Doersam’s Restaurant was a popular place in Columbus, Ohio for many years. It closed down sometime in the 1970’s and had an unusual token design on the back that featured a clock face. The reason this token has a clock on it is because of their signature restaurant entrance, which included a large clock at its front door and inside lobby area.
The tokens were used as tips by customers to show appreciation for good service or as incentives for employees to provide better customer service.
Doersam’s restaurant had many employees, and the tokens were used as tips by customers to show appreciation for good service or as incentives for employees to provide better customer service.
It is interesting that the token has a different design on each side- one side features an image of a woman in profile with her hair up who wears hoop earrings and pendant necklace while holding something like a pitcher. The other side displays the name of their establishment, “Doersams Restaurant”. There are no initials found anywhere on this token which means it was likely produced before 1935 when federal legislation mandated all coins be produced with identifying marks such as mintmarks or initial letters from its designer(s).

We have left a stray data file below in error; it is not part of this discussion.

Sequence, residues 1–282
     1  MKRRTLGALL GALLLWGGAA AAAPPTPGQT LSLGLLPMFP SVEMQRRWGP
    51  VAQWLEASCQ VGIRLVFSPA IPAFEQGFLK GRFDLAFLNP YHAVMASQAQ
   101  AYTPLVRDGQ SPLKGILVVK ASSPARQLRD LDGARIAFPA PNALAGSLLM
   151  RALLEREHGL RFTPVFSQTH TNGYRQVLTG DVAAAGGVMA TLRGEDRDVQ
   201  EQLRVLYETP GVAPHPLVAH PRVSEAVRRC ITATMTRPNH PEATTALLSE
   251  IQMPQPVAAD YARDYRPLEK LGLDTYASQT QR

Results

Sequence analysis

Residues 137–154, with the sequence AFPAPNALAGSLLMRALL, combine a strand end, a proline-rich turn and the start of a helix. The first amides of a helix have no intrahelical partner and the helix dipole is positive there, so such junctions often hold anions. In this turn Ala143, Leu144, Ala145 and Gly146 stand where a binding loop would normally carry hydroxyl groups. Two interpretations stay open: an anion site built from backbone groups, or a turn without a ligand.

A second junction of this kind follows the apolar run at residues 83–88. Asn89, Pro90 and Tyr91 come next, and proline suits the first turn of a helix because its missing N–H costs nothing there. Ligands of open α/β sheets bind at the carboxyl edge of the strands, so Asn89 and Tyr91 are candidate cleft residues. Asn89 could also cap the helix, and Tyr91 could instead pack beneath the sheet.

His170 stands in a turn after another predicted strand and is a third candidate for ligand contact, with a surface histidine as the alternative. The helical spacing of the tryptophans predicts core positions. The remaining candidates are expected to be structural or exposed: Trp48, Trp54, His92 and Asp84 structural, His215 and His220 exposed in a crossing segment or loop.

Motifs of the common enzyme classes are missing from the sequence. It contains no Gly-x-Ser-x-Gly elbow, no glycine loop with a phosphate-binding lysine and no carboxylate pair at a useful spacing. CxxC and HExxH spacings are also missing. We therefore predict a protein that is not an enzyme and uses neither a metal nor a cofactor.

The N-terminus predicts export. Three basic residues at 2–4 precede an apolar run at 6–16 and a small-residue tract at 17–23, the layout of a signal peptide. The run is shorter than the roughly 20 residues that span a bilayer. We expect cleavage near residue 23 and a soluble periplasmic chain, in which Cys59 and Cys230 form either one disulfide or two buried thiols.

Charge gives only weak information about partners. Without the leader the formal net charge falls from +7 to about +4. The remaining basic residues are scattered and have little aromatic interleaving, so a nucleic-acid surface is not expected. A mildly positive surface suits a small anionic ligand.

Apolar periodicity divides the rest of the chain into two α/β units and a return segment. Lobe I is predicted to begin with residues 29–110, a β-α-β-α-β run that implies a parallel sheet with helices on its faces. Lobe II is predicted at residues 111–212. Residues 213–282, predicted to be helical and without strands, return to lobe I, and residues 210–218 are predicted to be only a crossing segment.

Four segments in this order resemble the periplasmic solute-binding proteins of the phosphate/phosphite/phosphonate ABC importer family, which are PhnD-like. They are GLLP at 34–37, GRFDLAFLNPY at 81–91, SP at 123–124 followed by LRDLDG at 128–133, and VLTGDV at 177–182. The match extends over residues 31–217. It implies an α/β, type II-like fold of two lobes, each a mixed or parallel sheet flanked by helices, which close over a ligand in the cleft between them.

The token of an old restaurant clock has a lot more to it than you may first expect. For example, the token we’re looking at today is actually two different varieties: OH-MM-1A and OH-MM-1B. The latter caused considerable confusion for many years as it was listed as “same but canceled” in most early listings with no indication of how that cancelling was performed. In the American Tax Token Society Newsletter issue #86 of September 01, 1994 it was still listed as such with that information coming from Ohio Merchant Tokens by Lipscomb.
In other words, if you’re looking to buy an old restaurant clock token today – make sure it’s not OH-MM-14B unless you want a canceled token! (This is for informational and entertainment purposes only).